An article published this past week discusses the details of an ad on a used car sales website that offers a two-year lease on a BMW for $54 a month. According to the story, “The eye-popping discount wasn’t a fluke. It’s a sign of the daunting economics facing carmakers during the slow shift to electric vehicles.” The vehicle in question is a BMW i3, which has, “struggled to lure American buyers since its 2013 debut. Part of the problem was timing: BMW brought out the compact city car just as gas prices tumbled, luring Americans back to the gas-guzzling SUVs they know and love. The limited driving range –originally 80 miles per charge – and unusual design only narrowed its appeal. The latest version, with a $44,450 price tag, can go up to 114 miles on a single charge, still less than half the 275-mile range of Tesla’s Model S.” It’s no surprise Americans are not loving the car. “The German carmaker sold 6,276 i3s in the U.S. last year, a 17 percent drop from 2016. The seller is offering the lease after buying a Tesla. [The] electric vehicle enthusiast went out to buy the original BMW i3 back in 2014, and then he added a Tesla to his garage. He now feels he took a bath on the first i3, paying about $500 a month for inferior battery technology. This time around, he vowed to be more frugal.” The story goes on to say that, “Americans are abandoning compact cars at a stunning pace, and that's contributed to the i3's lagging U.S. performance. Expensive battery technology has turned the electric future into a money-losing present. The profitable sport utility vehicles and pickup trucks sold by General Motors help cover the loss of about $9,000 every time someone drives an electric Chevrolet Bolt off a dealer lot. The electric version of the Fiat 500 subcompact sells at a staggering $20,000 loss in the U.S.” More so, “When you lease a car, automakers will often low-ball the depreciation estimate to lower your payments and close the deal, but they do so at their own peril, since they'll be stuck trying to sell the car at true market value after you're done. That's a particularly risky game with electric cars, since they depreciate so steeply. Of six different 2018 EV and plug-in hybrid models sold in March, the i3 had the lowest forecast residual value, at 27 percent of its original price after three years.” Factoring in American tastes and the low range of the vehicle, perhaps the low lease rate is no surprise. A source in the story is quoted as saying, “The car’s $50,000. How are you getting it for $50? iPhones aren’t even $50 a month!”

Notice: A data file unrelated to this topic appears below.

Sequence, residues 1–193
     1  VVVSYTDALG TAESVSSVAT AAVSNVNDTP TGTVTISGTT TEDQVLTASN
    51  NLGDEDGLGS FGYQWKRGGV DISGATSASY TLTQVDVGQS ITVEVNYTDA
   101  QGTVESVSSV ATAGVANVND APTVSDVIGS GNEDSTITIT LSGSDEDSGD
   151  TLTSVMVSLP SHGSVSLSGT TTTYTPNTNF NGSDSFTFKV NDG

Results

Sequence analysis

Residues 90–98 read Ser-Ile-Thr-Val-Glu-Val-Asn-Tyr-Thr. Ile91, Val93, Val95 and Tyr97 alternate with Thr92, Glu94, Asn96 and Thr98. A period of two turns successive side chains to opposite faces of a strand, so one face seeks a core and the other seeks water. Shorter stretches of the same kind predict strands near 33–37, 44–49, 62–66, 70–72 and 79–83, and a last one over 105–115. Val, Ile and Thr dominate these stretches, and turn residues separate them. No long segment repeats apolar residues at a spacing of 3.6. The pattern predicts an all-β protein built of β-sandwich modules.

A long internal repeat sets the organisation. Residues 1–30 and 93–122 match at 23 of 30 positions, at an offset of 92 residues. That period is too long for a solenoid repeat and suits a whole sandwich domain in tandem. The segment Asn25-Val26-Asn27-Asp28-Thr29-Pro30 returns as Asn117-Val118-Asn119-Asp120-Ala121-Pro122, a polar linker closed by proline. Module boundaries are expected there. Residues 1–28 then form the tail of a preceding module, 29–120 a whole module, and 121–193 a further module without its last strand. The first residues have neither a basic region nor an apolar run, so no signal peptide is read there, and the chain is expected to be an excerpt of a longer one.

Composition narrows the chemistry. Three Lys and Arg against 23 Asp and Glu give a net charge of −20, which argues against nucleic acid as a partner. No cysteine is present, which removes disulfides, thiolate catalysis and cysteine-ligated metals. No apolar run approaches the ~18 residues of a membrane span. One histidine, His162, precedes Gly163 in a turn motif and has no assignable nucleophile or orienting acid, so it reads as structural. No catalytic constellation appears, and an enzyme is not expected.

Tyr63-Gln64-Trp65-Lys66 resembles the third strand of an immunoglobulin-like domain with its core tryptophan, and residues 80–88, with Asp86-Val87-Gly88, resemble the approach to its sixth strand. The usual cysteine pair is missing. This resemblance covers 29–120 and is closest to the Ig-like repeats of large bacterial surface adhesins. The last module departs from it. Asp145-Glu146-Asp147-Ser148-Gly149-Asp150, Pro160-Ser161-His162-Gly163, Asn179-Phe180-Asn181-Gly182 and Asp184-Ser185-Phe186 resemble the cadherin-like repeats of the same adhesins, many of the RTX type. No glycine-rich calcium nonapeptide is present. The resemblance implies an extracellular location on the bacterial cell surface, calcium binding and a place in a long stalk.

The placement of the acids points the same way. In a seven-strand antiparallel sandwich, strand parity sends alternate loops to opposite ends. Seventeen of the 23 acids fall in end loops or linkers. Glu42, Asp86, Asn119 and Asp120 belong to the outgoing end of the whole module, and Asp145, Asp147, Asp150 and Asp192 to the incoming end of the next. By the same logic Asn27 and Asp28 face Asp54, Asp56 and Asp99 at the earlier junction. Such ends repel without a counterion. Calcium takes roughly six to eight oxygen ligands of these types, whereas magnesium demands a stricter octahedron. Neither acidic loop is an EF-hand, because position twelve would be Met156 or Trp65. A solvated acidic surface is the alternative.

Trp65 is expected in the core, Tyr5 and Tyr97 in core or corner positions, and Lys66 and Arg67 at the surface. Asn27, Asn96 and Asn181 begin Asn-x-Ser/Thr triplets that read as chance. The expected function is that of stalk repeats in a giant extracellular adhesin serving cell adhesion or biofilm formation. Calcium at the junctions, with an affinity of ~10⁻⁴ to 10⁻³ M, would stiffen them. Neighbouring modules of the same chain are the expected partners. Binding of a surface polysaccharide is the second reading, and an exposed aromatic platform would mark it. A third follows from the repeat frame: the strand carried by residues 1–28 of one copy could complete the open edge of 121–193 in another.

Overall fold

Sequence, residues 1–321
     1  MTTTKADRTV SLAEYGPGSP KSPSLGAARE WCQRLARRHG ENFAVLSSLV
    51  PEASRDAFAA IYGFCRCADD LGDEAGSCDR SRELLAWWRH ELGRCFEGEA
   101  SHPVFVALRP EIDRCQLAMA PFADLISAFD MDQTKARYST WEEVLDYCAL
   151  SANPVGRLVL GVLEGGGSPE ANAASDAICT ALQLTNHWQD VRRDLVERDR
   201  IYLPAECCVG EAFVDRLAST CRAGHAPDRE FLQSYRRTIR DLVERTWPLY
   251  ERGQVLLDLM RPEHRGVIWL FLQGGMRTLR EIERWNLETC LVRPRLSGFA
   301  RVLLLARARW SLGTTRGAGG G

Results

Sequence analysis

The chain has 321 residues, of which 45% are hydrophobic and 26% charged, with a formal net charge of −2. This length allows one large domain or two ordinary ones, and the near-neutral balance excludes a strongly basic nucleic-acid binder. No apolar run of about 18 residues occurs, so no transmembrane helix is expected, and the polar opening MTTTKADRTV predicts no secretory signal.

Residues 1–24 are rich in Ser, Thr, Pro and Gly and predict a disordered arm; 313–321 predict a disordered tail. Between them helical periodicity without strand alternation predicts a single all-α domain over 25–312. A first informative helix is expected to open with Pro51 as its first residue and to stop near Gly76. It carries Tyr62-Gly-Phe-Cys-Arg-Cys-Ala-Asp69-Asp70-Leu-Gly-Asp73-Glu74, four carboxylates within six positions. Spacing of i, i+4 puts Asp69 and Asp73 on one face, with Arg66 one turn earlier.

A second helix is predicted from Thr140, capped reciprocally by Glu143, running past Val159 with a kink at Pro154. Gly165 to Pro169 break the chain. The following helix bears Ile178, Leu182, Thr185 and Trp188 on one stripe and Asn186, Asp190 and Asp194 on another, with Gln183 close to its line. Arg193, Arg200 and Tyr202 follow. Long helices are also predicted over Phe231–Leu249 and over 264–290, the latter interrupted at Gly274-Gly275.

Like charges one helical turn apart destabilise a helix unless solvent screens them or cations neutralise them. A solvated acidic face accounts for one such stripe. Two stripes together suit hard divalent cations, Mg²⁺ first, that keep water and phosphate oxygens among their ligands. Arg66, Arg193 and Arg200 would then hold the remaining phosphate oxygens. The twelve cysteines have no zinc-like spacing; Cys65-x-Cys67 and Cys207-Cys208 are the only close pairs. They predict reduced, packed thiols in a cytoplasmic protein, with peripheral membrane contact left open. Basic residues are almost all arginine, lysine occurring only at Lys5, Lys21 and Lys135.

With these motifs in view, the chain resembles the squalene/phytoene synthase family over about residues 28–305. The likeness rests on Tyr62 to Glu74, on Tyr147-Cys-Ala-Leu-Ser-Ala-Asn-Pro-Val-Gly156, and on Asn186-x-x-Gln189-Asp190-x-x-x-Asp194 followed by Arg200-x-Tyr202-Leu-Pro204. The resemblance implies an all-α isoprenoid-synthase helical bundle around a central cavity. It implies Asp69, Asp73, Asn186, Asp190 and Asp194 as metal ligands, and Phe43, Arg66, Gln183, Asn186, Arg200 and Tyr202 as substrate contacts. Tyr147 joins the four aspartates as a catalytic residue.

The British Columbia minister in charge of ICBC has just published an editorial in the Vancouver Sun. The minister explains the need to cap medical bills attached to auto accidents, stating, “We will no longer permit endless growth in ‘pain and suffering’ awards for minor injuries that have increased more than 260 percent in the last 10 years.” The minister goes on to call out lawyers who he claims have long abused the existing claims system. “While these changes may be controversial for those who have benefited from the existing broken system, they’re not new. Every province in Canada has taken steps like this to get minor injury costs under control,” according to the editorial. The minister also touched on the increasing repair costs hurting the ICBC. According to a media report, “ICBC’s material damage cost reached $1.7 billion in 2017 – collision repair makes up most of that cost. Also last year, ICBC paid over $700 million to collision repair suppliers – up 50 percent since 2012.” The editorial states, “In more than half of windshield replacement claims, ICBC policy means ICBC pays more for a replacement windshield than the original manufacturer charged for the part.” The piece goes on to suggest that the “government has plans to change the specific policy that requires the ICBC to pay to replace the moulding of a windshield in each claim, even if the moulding does not need replacing.”